ENJOY THE SHOW
I'm gonna start out by saying I loved this film. Let me just get it out of the way now. Zombie Strippers is a fun, frolicking fest of undead female flesh! It is packed with enough laughs, nudity and philosophy to make it required viewing for any college student's weekend late night plans. Not since Chopper Chick in Zombie Town have I laughed this hard at an intentionally funny horror film. For sheer entertainment value, Zombie Strippers ranks among the top films of the year.
There is only one game in a casino where you play against the house and you have the possibility of beating the odds - if you know what you're doing. That game is blackjack aka 21. The rules are simple: starting with two cards, you can keep drawing until you get as close to 21 as you can without going over. The dealer does the same thing and whoever is closer at the end, wins. Simple, right?
Well, in the early 80s through the early 90s, different groups of students at MIT used a mathematical system to beat the game and take various casinos for hundreds of thousands of dollars. Then, in 1993, it all changed. A small group of MIT students, led by a charismatic mathematics professor, decided to try and take Vegas for the big score. The new film 21 is based loosely on their experiences.
Shutter, the latest in the Asian/American horror film exchange program, is one of the weaker entries, although it still has enough chills to make it a decent Friday night date film. The story is typical horror film fare: photographer Ben Shaw (Joshua Jackson) and his wife Jane (Rachael Taylor) get married and move to Japan where Ben has a job. For Ben, this is his second tour in Japan, having lived there two years earlier working for the same company. This time, though, since he's newly married, he and his wife spend a few days honeymooning. As Jane drives the couple to an idyllic cabin in the shadow of Mt. Fuji, a ghostly female figure appears on the road. Jane can't get out of the way fast enough and runs the girl down, crashing the car in the process. Of course, when she and Ben examine the road, no body is found. Like I said, typical.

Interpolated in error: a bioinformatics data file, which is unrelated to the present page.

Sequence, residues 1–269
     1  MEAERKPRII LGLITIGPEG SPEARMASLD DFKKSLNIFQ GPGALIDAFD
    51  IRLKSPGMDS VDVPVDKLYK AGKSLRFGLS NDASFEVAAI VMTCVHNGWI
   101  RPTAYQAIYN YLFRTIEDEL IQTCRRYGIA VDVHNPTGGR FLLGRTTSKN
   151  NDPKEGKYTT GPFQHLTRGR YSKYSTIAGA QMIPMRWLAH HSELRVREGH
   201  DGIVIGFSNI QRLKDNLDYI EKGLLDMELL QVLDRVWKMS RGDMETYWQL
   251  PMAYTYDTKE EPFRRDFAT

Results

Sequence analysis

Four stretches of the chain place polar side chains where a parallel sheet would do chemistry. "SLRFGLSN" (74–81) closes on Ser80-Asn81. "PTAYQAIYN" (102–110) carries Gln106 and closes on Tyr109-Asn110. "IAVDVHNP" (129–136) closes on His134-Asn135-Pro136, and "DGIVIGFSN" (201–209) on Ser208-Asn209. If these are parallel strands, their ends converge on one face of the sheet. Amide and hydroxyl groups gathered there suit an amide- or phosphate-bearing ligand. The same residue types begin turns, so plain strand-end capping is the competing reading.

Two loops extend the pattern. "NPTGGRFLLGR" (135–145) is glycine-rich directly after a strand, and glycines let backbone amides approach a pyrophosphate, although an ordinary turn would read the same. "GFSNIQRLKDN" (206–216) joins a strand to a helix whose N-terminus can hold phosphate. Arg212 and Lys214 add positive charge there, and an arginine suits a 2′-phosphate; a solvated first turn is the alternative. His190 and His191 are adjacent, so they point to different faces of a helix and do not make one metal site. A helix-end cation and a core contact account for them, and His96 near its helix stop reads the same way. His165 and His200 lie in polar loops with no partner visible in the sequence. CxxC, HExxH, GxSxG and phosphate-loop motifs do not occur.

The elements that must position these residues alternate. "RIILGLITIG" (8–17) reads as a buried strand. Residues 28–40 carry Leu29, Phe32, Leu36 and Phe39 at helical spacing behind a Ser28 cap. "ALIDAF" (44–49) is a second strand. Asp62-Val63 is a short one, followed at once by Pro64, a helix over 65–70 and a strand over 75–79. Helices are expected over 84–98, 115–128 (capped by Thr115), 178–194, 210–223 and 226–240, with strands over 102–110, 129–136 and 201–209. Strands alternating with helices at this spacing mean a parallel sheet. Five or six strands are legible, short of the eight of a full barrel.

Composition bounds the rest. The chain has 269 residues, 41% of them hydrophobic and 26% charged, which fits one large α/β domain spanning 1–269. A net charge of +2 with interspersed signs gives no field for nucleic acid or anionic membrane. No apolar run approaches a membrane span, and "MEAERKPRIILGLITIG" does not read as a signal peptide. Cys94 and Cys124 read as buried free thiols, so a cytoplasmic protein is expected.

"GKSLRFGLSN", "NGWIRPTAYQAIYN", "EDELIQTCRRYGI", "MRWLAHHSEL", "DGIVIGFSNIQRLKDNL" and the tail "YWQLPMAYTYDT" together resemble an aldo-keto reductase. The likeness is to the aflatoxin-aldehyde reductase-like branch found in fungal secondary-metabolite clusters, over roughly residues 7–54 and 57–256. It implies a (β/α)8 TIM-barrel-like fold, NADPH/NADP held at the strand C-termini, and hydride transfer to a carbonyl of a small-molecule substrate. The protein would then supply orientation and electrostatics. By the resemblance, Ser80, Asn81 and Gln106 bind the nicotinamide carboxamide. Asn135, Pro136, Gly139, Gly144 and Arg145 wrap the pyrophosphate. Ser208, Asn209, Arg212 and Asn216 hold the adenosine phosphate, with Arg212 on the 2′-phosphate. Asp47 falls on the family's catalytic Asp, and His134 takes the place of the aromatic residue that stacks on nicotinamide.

Run Fatboy Run is probably the worst, if most descriptive, title of a film out this season. In the simplest terms, it tells you the basic plot of a film where a slightly overweight man, Dennis (Simon Pegg), is going to do some running. What it doesn't tell you, however, is how much heart, humor and honesty there is in this little film. And how much you'll enjoy the hundred minutes you spend in the theater watching it.
The first real tear-jerker of 2008 is here and it's called La Misma Luna (Under the Same Moon). That "same moon" is the one under which both Rosario, a young mother working in Los Angeles and Carlitos, her nine year old son back in Mexico, both sleep. It's the moon they both look at knowing the other is also looking. It's a way they have to connect with each other between their weekly Sunday morning phone calls. At times, it is the only hope they have of ever seeing each other again.
The filmmakers behind the new animated feature Horton Hears a Who have created a sumptuous looking movie, however, they seem to have missed the mark when it comes to their intended audience. Which is to say they never quite master the great cartoon juggling act which involves enough silliness to keep the little ones interested and enough smart and clever dialogue and plot to satisfy the parents. Here, it seems, there are times when anything happening on screen beyond the visual is going to go right over the children's heads while at other times, the film plays like bad Saturday morning fare - and there's really very little crossover.